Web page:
Haryana

HARYANA TO PROVIDE FREE OF COST MEDICINE TO CONTROL VECTOR BORNE DISEASES IN NUH

October 11, 2017 08:13 PM

Chandigarh (Face2News)

Haryana Health Minister, Mr. Anil Vij said that for first time in history of the state, 1.74 lakh long lasting insecticide nets would be given away free of cost to control vector-borne diseases in district Nuh. As many as 142 high risk villages have been identified for this purpose.

The Minister said that insecticide nets have been received from the Central Government and soon they would be distributed among people. He said that due to proximity to Delhi, the cases of malaria were found to be more in Mewat area as compared to other areas of the state during recent years. Therefore, special emphases are being laid to save people of Mewat area from these diseases.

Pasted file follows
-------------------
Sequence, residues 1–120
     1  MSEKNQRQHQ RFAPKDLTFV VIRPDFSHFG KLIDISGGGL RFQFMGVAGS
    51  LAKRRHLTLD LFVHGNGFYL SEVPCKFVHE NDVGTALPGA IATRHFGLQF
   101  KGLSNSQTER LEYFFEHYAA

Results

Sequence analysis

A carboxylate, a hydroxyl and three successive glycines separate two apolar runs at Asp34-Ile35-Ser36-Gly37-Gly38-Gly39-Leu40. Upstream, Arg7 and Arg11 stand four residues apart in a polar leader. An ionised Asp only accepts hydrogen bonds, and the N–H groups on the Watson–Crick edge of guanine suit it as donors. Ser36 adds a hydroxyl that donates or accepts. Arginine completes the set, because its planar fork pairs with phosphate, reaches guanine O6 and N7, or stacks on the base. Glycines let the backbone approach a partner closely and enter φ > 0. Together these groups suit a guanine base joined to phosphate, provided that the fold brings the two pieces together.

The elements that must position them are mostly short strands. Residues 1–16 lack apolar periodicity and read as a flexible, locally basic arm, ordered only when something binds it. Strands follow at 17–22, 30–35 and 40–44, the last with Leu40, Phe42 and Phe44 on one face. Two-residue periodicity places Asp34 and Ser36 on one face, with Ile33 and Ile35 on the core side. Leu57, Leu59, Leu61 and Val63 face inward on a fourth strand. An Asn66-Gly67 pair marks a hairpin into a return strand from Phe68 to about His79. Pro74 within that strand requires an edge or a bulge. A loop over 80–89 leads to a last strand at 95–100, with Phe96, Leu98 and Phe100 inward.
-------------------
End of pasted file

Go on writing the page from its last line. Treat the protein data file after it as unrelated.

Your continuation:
Mr. Vij said that 72,000 RDT kits have also been sent to district Nuh for rapid testing of blood in case of diseases such as malaria, chikungunya, dengue and others. The report of the test conducted on RDT kits can be obtained in 15-20 minutes. As per requirement, such kits have also been provided to districts Palwal and Yamunanagar. He said that Gambusia fishes have been added into ponds of 41 selected high risk villages of Nuh and ujina drain, which eat larva of mosquito.

He said that as a result of the steps taken by the present State Government, there has been considerable reduction in number of malaria, dengue and chikungunya cases. As compare to last year, there has been reduction of 28 per cent in malaria cases in district Nuh whereas it was 38 per cent in the entire state. Apart from this, the dengue cases has reduced by 15 per cent in the state and only two cases of chikungunya have so far been detected whereas there were 704 cases last year. No death due to vector-borne diseases has so far been registered in the state, he added.

Mr. Vij said that training has been imparted to 26 doctors, 28 AYUSH doctors, 10 Child Development Project Officer and Supervisors, and 667 ASHA workers to spread awareness among people about vector-borne diseases.

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